An excellent time to do this exercise is while you are behind the wheel of your car or sitting at a computer keyboard. Hunch your shoulders forward over the steering wheel or keyboard, so that your abdominal area is somewhat compressed by the posture. If you never drive a car and never sit at a computer keyboard, then just sit in a normal chair and lean foward with your elbows on your thighs and your shoulders hunched as described.

Now, tug inward ever so slightly just below the rib cage, above the navel. You won't be able to pull it in very far in this posture, but the point here is to discover where that muscle is, and how to isolate control over it. You should feel a muscle rubbing gently against the bottom edge of your rib cage. That is your diaphragm. If you can tug it in even a small amount, you've accomplished the point of this exercise. Now, rhythmically pull that muscle in, then let it relax, then pull it in again.

Do this exercise as often as you can discipline yourself to do it--once you build a close friendship with your diaphragm, you'll be able to do not only belly rolls, but also beautiful flutters! Breathe normally while you do this.

PHOTO CREDIT: Photo by PixieVision, Glendale, California.



Exercise #4: Isolate Your Pelvic Muscles From Your Diaphragm

This is the advanced version of Exercise #1. Warm up using Exercise #1. Then transition to this one. Suck in the upper abdominal muscles and the diaphragm while letting the pelvic muscles relax. Then relax the diaphragm while sucking in the pelvic muscles. Repeat, over and over and over. Don't forget to breathe normally! If you have trouble with this one, see "The Sphinx" below under "Having Trouble? Try One of These!"


Exercise #5: 1/2 Roll

This is the advanced version of Exercise #3. Hunch over a desk or car steering wheel as described for Exercise #3. Pull in your diaphragm as described for Exercise #3. Holding it in, now pull in your navel, then your upper pelvic muscles. That is half of a top-to-bottom roll, which means that the movement originates at the top, at the diaphragm. Now, to get out of this position, let your pelvic muscles out first, then your navel, then your diaphragm. That is half of a different roll, the bottom to top, which means that the movement originates with the pelvic muscles at the base of the abdomen. Do this exercise 8 times per sitting to develop control over each of the two half rolls.


Now Try The Roll

Once the above exercises have helped you learn where your abdominal muscles are and how to control them, the next step is to turn the movement into a roll. The roll is the natural extension of Exercise #4 once you've become proficient with it. Just keep doing the exercise, but think about doing it gracefully with an undulating spirit. Flow from one position to the other. Listening to slow, sinuous music will help a great deal. When I teach this to my students, I suggest they visualize performing a circle with their navel or placing their navel on a Ferris wheel: either up / forward / down / in, or the reverse down / forward / up / in.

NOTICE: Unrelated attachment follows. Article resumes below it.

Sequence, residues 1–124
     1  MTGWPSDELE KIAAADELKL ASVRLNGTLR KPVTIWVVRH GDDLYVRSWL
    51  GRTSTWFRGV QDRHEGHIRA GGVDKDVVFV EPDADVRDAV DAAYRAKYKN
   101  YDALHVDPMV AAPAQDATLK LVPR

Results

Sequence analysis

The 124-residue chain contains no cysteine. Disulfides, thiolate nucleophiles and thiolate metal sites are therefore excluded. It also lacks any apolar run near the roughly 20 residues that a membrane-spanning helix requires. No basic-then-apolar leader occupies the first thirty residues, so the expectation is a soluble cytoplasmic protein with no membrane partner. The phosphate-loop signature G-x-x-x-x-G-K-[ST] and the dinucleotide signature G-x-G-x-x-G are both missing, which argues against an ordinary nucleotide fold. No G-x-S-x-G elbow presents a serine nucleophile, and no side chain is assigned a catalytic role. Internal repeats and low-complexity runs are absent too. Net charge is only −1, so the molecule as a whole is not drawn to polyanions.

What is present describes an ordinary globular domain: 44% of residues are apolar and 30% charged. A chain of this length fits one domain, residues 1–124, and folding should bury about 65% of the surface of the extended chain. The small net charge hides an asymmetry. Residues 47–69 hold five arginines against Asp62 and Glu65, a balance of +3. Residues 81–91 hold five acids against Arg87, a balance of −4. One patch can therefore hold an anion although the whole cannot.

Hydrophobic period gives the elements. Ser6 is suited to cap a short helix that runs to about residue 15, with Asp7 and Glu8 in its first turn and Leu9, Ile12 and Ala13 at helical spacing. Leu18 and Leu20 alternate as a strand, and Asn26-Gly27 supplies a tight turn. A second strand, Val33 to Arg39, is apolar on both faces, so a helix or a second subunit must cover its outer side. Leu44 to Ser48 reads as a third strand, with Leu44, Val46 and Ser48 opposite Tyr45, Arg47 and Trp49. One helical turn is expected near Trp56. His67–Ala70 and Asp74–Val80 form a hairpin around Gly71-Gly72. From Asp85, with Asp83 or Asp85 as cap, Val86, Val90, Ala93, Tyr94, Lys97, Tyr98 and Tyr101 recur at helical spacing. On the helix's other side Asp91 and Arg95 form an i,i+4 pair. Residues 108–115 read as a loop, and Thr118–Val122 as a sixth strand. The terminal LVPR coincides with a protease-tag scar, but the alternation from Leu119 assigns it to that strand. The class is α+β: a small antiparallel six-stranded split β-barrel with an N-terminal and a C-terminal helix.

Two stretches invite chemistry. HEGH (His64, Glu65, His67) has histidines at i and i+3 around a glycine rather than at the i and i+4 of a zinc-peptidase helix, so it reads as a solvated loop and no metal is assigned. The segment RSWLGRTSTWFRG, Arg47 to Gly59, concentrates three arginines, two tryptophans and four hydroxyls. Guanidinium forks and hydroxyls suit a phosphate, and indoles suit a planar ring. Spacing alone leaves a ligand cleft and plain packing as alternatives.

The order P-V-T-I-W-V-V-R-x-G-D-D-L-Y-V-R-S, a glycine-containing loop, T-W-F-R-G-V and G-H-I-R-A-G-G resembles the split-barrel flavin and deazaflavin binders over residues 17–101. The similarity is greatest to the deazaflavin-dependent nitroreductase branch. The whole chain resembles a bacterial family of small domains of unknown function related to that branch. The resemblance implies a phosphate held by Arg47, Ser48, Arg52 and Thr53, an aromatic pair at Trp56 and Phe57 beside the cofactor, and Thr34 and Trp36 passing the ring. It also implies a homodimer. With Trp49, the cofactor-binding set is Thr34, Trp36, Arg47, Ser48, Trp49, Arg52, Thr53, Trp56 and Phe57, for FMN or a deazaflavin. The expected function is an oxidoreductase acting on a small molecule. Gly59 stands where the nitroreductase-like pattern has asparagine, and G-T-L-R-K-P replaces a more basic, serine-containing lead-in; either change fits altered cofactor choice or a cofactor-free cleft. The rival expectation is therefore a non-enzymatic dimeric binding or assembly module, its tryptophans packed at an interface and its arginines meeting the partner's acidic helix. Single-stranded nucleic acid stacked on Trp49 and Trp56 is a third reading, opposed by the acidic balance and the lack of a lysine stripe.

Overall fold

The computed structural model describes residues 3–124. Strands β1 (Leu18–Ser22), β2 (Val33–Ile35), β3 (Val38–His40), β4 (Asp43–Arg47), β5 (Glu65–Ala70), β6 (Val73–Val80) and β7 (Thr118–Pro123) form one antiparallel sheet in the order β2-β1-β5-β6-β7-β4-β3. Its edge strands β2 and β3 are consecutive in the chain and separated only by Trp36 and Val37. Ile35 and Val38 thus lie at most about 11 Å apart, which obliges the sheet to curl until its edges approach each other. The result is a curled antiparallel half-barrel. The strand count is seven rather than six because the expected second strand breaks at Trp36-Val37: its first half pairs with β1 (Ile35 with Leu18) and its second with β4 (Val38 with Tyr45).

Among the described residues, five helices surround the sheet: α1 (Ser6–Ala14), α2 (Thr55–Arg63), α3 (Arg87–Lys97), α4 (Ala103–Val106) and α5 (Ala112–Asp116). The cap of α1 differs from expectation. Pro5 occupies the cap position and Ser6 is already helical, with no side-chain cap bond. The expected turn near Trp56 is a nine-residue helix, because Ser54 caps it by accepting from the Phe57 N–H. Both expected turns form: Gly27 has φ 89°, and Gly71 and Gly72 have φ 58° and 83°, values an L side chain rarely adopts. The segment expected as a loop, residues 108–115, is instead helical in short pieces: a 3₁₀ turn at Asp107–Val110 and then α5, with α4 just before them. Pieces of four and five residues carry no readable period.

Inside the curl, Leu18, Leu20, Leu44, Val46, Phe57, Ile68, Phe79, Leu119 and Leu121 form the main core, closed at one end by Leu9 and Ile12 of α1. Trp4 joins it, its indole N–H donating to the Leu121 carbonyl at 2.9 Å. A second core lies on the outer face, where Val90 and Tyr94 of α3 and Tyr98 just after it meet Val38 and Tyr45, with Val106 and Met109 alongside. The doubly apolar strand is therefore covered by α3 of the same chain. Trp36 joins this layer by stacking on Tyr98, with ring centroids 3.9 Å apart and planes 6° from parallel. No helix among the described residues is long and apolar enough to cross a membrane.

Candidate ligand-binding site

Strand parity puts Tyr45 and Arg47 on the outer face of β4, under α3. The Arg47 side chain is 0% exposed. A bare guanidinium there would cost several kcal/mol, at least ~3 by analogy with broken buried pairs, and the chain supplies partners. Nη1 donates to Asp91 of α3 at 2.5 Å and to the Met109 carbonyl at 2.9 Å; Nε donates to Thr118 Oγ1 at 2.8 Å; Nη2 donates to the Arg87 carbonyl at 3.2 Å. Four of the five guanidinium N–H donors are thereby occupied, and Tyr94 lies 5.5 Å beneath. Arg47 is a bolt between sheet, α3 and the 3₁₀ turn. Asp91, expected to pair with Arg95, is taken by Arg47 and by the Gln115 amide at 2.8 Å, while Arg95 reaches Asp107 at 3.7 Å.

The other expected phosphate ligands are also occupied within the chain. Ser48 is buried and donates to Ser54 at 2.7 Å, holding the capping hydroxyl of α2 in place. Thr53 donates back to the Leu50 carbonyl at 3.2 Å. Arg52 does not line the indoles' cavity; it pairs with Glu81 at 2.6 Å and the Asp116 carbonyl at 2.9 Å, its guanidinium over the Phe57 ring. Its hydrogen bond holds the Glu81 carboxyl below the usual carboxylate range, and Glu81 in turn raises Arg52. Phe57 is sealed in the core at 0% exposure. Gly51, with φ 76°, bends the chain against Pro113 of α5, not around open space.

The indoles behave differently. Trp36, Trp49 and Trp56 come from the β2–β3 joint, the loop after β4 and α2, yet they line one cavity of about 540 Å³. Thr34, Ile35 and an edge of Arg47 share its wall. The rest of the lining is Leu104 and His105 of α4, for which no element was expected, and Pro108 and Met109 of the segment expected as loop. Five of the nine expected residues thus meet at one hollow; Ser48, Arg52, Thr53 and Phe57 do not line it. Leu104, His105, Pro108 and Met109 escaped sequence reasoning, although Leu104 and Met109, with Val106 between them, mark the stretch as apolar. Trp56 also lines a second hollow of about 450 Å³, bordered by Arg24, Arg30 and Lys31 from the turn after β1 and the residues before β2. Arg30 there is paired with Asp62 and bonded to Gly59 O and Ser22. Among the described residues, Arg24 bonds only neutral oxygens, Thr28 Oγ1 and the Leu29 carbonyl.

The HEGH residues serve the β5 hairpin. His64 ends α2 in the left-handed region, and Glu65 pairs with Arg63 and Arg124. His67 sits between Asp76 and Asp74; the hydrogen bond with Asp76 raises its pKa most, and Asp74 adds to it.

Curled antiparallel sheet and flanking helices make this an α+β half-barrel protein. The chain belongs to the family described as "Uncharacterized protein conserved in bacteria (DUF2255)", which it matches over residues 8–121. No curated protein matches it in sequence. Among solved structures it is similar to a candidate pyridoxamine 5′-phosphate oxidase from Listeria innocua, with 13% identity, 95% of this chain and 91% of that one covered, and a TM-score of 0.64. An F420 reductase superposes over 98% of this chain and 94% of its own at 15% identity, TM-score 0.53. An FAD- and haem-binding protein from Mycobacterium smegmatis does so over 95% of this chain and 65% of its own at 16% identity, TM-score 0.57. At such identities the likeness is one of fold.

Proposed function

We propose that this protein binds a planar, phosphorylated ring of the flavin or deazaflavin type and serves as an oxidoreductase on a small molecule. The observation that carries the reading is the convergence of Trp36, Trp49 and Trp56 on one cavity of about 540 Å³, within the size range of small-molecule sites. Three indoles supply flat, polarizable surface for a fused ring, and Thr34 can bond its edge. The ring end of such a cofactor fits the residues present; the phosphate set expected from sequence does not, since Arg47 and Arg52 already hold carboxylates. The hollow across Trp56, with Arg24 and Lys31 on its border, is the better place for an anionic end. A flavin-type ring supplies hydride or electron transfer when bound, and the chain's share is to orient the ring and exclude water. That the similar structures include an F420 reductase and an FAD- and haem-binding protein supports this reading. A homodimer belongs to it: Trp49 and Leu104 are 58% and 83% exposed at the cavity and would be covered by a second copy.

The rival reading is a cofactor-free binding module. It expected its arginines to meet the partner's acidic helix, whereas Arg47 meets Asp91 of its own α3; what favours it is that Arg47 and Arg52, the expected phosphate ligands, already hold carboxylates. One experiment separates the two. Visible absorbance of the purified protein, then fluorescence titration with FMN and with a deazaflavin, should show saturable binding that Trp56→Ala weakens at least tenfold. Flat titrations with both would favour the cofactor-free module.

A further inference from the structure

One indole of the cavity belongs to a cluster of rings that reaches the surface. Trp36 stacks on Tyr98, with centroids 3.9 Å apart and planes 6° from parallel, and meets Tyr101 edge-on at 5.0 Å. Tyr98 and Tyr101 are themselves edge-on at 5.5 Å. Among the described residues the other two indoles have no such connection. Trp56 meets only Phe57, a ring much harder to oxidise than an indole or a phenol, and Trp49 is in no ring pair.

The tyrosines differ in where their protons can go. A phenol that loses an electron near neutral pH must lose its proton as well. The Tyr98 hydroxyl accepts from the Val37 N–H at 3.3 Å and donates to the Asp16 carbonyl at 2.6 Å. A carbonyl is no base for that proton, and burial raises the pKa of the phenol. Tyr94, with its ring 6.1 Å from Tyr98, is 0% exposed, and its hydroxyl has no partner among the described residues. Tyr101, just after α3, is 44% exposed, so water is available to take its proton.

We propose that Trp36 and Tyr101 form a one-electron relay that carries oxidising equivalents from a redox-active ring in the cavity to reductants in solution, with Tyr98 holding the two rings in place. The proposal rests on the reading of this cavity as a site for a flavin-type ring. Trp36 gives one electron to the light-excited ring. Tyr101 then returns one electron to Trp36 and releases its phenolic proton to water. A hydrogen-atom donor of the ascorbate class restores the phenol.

You may find that circling one direction is easier for you than circling the other. Both are correct — if you can master one, the general public will think you know what you're doing. If you can master both, you'll impress even your hard-to-impress fellow dancers. I tell my students that I will be satisfied if they can master one direction, I don't expect them to aim for both.

PHOTO CREDIT: Photo by Kaylyn Hoskins, Solon, Iowa.



Having Trouble? Try One Of These Ideas!

Having trouble? Most likely, it's because you either 1) Haven't learned to isolate the diaphragm from the pelvic muscles, or 2) Haven't learned yet to relax the muscles in turn.

Different things work for different people. If the above wasn't enough to get your midsection muscles rolling, maybe you need to vary the technique or do the exercises in a different location from where you normally practice. Try some of these ideas:

  1. The Bathtub Trick. Put about 3-4 inches of water into your bathtub and lie down on your back. Now try it. Start with Exercise #1. Progress to Exercise #4. Then try to roll. The response of the water to your abdominal movements may help the movement come more naturally. Also, the warm bath water will encourage the muscles to relax when they need to. As a final bonus, lying flat on your back will help you discipline yourself to not involve spine movement in your undulation — it'll help you keep it isolated to the abdominal muscles.
  2. Anatomy Lesson. Look at a health textbook that shows the musculature structure of the abdomen. Look for the diaphragm, the abdominal muscles, and the transverse abdominal muscles. Envision that structure occurring inside of you. Now, do Exercise #1. Visualize the muscles you see in that diagram contracting as you suck them all in. Visualize them expanding as you let them relax. Now, move to Exercise #4 and repeat the visualization — can you isolate them? Can you relax them?
  3. Sauna or Steam Room. Try doing Exercise #3 while sitting in a dry sauna or steam bath at the gym.
  4. Jacuzzi, Hot Tub, Whirlpool. Try doing Exercises #1, #3, and #4 while sitting in a hot tub at your health club or standing in a swimming pool where the water comes to chest height. (The hot tub is better because the heat will help with the relaxation phase of the cycle.)